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Old 12-09-2010, 05:01 PM   #31 
Here Fishy Fishy Fishy
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I like your idea about putting the heating packs in baggies, and putting them in the tank - that would help in a short outage.
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Old 12-09-2010, 11:12 PM   #32 
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Wow, if my college's power went out, I'd probably have to put Victor in a couple of baggies and keep him inside my coat against my body :( If the power was on in any nearby buildings, I would have to take him there to keep him warm...

It's been 13 degrees F here during the day, and if there was a power outage things would be bad... And there's nowhere I can go that sells those fish heater bag things....

Our power has gone out a couple of times before, it was out for several hours last year... Now I'm worried :(
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Old 12-10-2010, 03:43 AM   #33 
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while at school if the power goes out while at school ill put all my bettas in cups and fill my big tanks with hot water asap, and wrap/cover them to prevent heatloss, then float all the cups in a 5g with the water mixed with cool water to about 86* and wrap that with towels and blankets as well. then i just top off the tank water with more warm stuff if it starts getting to low. If im home in st. louis we have a huge natural gas/wood fireplace in our family room that we start up during power outages so id leave the tanks on the shelf next to it about 10 feet away, they should stay around mid 70's and if not id have back up hot water tanks to do my school method
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Old 12-10-2010, 03:46 AM   #34 
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also, just because you have a gas fireplace doesnt mean it will work in a power outage. the gas may flow fine, but most gas fireplaces use electric starters to spark the flame. You can still start them with a lighter, but if you havent ever done that before i wouldnt recommend it (big fireball for a second). if you try and start your gas fire and it doesnt come on quickly just turn it off because all that natural gas will just be floating around your house them
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Old 12-10-2010, 08:55 PM   #35 
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This is an old thread but I'm glad it was brought up. I think we need to be prepared and have an idea of what we'll do to save our fish.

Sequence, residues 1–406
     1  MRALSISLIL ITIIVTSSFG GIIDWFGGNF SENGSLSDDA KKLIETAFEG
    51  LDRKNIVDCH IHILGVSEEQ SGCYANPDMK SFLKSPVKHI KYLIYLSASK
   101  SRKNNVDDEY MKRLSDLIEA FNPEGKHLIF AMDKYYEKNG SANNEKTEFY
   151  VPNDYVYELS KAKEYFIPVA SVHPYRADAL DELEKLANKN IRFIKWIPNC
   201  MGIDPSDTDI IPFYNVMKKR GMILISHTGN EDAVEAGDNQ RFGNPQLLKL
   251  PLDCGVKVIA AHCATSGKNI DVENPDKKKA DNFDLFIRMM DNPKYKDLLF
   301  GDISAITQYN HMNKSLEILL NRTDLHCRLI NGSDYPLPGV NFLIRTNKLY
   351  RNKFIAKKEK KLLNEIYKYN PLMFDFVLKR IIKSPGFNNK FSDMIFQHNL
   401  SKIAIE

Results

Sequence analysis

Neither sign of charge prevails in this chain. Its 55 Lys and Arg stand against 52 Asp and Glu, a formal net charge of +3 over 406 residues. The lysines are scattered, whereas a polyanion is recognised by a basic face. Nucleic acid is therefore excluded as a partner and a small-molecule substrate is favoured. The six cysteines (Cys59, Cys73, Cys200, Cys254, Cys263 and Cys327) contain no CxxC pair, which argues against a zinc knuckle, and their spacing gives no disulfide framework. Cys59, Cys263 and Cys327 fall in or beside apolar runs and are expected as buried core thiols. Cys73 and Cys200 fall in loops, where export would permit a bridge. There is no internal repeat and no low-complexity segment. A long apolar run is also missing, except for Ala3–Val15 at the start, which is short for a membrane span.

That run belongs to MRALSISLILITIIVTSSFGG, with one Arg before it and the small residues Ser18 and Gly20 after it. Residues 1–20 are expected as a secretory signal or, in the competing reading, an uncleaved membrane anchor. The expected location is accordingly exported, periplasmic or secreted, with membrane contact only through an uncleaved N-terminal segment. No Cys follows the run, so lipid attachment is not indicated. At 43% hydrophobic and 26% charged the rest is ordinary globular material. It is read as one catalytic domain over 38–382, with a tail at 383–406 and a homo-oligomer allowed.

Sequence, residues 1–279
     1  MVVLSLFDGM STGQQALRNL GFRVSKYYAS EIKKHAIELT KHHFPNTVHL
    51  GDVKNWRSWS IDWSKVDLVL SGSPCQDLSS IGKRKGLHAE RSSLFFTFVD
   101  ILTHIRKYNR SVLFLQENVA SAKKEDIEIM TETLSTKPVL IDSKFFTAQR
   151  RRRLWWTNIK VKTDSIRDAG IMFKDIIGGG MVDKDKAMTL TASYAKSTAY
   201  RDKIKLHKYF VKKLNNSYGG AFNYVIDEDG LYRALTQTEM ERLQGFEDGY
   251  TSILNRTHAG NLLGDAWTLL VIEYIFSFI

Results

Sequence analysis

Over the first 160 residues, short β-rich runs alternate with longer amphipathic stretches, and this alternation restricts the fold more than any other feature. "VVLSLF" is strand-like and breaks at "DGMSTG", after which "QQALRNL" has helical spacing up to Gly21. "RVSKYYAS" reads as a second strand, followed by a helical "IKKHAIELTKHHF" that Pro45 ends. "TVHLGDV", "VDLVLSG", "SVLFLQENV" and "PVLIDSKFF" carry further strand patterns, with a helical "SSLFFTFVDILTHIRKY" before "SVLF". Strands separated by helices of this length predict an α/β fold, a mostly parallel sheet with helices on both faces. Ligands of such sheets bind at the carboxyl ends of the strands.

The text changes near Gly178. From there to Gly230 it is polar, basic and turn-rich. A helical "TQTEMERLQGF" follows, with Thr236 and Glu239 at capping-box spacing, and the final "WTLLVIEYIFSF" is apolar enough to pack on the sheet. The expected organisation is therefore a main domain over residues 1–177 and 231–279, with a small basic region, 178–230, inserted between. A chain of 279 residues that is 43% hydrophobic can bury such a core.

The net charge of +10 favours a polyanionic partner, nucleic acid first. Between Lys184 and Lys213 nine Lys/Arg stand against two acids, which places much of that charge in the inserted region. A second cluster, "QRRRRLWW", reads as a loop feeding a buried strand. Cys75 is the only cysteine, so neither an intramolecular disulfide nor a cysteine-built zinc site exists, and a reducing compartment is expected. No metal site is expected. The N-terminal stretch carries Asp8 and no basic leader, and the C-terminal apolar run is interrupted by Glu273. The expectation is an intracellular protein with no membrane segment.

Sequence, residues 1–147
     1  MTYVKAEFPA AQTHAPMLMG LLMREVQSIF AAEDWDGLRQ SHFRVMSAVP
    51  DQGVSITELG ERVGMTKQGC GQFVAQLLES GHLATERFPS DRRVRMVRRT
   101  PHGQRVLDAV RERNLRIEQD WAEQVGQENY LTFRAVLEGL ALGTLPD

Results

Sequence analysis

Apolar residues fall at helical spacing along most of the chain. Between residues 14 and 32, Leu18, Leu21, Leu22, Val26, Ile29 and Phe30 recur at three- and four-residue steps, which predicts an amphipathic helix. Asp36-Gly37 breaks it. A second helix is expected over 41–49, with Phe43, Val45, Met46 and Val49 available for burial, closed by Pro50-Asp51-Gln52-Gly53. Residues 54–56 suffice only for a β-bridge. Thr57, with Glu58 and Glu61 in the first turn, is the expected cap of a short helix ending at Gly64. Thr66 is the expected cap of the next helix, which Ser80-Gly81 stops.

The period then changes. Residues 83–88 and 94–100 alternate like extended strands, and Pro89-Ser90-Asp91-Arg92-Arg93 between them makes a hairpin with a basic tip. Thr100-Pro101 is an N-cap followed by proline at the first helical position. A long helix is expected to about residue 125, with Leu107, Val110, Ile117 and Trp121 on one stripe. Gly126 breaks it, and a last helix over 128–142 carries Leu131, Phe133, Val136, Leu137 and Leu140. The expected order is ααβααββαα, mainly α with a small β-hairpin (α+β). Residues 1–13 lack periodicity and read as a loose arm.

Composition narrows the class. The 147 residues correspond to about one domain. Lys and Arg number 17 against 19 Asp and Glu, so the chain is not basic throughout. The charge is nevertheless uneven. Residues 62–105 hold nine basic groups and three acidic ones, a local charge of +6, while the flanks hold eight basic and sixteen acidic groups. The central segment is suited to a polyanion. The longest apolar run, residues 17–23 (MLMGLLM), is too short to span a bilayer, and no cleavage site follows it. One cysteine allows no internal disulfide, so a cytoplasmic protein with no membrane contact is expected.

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Old 12-11-2010, 05:37 PM   #36 
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We have a gas stove and a tea kettle. I'd have to ignite the stove since the ignition is electronic but I guess I'd keep doing water changes with 78 degree water. Luckily I'm in a townhouse nestled between two other townhouses, one of which has a wood fireplace. It doesn't ever get much below 74 in here. But I've never had the heat off for long periods of time in winter. This is a good thread.
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Old 12-12-2010, 03:25 PM   #37 
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We have a Kerosene heater that we used to put in our kitchen before we put a wood stove in the basement an cut a hole in the kitchen floor (above the stove).
We typically cover the kitchen door to the dining room with thick wool and synthetic fiber blankets and quilts and the heat stays in the main part of the house. It stays pretty warm that way and we have plenty of fire wood.

I'd put the boys in the vases and keep them in the kitchen somewhere or I'd be boiling water on the wood stove, going outside, going back in the house, then doing the hald hot half cold method.

And if that fails/we run out of fire wood: Kerosene heater. It'd be in the kitchen and again I'd boil water on it and do the half and half method that way. =]

If it goes out while I'm at school.. I'll be honest. I'd be screwed. :/ I suppose I could cut down a tree and start an outside fire or something but that's a bit too much.

I'd say that if power went out up here though it'd be taken care of rather quickly as opposed to the week or so it usually takes back home. :P
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